Tajuania Dawkins sat in a hospital room while her teenage sister labored with a son. She leaned back, just enough for her oversized shirt to pull taut over her midsection. Her mother reached over and lovingly patted her stomach, only to find it hard, impregnated with Tajuania’s own full-term child — the one she’d hidden for nine months as he grew.
“She realized it was rock hard and I was pregnant, and she just started screaming,” Tajuania said.
Tajuania, the goody-two-shoes of the family, was only 15 when she got pregnant. This wasn’t supposed to happen to her. Her two older sisters both had babies in their teens, and Tajuania knew her parents were banking on her to break the cycle.
“I was that … nerd that went to school and made straight-As in school,” Tajuania said.
So she hid the pregnancy for nine long months. She wore baggy sweat suits to cover the bump, and she avoided situations and conversations that might give it away. She successfully kept the pregnancy to herself and the child’s father up until the very end.
Two weeks later, on April Fool’s Day, Tajuania went into labor, unsure what was happening. She told no one, not fully understanding the baby was coming. Her son was born the next day, a perfectly healthy, full-term baby who took Tajuania’s family by surprise.
The next few years were tumultuous, but a turning point came when a killing hit too close to home.
The Cold Case
Tajuania fell in love in college with a bad boy — a drug dealer — and became pregnant at 19 with her second son. It was a toxic relationship, and he went to prison on drug charges for four years. But Tajuania stood by him, visiting him in prison throughout his sentence.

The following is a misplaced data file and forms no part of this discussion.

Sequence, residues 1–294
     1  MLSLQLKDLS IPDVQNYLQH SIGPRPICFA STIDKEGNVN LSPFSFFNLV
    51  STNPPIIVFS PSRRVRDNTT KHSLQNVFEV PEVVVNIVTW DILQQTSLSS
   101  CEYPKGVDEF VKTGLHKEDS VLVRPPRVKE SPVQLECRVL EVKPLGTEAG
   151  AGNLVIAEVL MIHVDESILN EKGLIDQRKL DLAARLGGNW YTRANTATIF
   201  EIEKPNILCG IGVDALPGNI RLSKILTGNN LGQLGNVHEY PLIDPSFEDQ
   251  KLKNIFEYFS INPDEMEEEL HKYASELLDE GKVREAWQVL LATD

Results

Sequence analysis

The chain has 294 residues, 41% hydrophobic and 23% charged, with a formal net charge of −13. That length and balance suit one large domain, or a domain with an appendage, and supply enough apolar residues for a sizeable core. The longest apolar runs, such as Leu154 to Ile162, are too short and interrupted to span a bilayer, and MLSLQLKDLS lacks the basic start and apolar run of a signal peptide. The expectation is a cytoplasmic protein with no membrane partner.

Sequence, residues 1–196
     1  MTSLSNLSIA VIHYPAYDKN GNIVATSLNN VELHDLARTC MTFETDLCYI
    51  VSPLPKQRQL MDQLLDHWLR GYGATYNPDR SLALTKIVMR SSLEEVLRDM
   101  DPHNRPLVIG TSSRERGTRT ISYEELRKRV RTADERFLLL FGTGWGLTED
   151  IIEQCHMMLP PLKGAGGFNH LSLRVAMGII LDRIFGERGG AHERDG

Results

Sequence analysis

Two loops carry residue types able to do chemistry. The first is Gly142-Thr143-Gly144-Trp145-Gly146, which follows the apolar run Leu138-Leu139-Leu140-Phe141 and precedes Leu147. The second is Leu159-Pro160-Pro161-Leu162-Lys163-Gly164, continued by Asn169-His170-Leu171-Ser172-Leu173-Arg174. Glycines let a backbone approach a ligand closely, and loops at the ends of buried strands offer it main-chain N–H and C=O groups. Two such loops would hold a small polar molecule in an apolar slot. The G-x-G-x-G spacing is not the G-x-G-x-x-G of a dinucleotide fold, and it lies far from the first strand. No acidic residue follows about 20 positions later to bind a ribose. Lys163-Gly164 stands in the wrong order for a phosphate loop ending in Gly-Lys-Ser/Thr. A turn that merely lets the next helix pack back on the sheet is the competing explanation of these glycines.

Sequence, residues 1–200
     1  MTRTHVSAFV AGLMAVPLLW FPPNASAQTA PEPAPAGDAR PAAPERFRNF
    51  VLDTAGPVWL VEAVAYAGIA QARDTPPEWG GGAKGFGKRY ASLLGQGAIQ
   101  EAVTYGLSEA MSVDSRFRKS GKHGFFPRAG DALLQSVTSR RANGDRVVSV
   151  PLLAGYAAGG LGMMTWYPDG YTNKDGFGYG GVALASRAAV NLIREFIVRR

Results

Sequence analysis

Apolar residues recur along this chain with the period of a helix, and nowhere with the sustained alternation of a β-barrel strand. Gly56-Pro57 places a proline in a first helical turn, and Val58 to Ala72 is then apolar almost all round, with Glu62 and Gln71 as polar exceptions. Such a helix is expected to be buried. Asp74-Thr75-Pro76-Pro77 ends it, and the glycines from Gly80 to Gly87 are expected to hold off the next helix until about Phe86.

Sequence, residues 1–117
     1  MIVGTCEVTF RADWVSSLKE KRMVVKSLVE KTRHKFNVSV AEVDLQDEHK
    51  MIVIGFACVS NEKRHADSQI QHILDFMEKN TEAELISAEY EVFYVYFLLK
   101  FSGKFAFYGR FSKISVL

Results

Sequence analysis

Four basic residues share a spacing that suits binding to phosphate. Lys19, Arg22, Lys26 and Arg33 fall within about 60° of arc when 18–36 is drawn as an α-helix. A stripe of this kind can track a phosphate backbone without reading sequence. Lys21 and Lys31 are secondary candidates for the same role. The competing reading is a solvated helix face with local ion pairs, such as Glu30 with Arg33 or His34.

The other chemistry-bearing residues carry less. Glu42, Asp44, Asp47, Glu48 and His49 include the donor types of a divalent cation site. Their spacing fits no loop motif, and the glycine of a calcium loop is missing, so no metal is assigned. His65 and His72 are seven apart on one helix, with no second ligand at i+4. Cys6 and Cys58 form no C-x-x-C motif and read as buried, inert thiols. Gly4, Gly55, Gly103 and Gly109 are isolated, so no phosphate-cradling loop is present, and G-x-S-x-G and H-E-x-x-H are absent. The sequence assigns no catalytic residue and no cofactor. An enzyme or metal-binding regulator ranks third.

After his release, he stayed on the straight and narrow for a while before returning to his old ways. Tajuania didn’t want that near her children, so the two broke up but stayed friends and devoted themselves to co-parenting.
He started dating someone new, but before long, the couple went missing. Living in Huntsville, Alabama, missing persons cases are few and far between. The area isn’t known for crime, so two missing people made headlines.
They were missing for three weeks before they were found dead in a car off a busy highway.
“His death really shifted and changed my entire life,” Tajuania said.
Police never caught who did it, and Tajuania has had to cope with the mystery for all these years.
“I was so lost,” Tajuania said. “I was depressed. I just remember crying out to God. I started going to church. … I started reading a lot of books.”
Battling — and Bettering — the Mind
It was Tajuania’s rock bottom, and there was nowhere else to go except to God.
There’s a passage in a book called “Battlefield of the Mind” by Joyce Meyer that talks about how you have control over your thoughts. This concept changed Tajuania’s life. She realized she wasn’t at the mercy of whatever thought popped into her head at any given moment.
“I connected with God, and life just got better for me,” Tajuania said. “ … (I was) making better decisions and better choices.”
Those better choices led Tajuania to a healthy marriage and two more sons. She worked in corporate America for 13 years before God told her to leave her job and start her own business.
ASAP Errand Girls
Tajuania set out on her own, wrote her first book — an autobiography entitled “Cre8 Your New Beginnings” — and started a business called ASAP Errand Girls with her sister. They help elderly people and their families run errands.
“A lot of people see me now as successful and where I am with a positive mindset and think that I’ve always been here,” Tajuania said. “Because of that, I’ve mentored a lot of people going to the schools and stuff. … I’ve told my story so people can understand that God can use any one of us.”
God certainly did use Tajuania, and He can use you, too.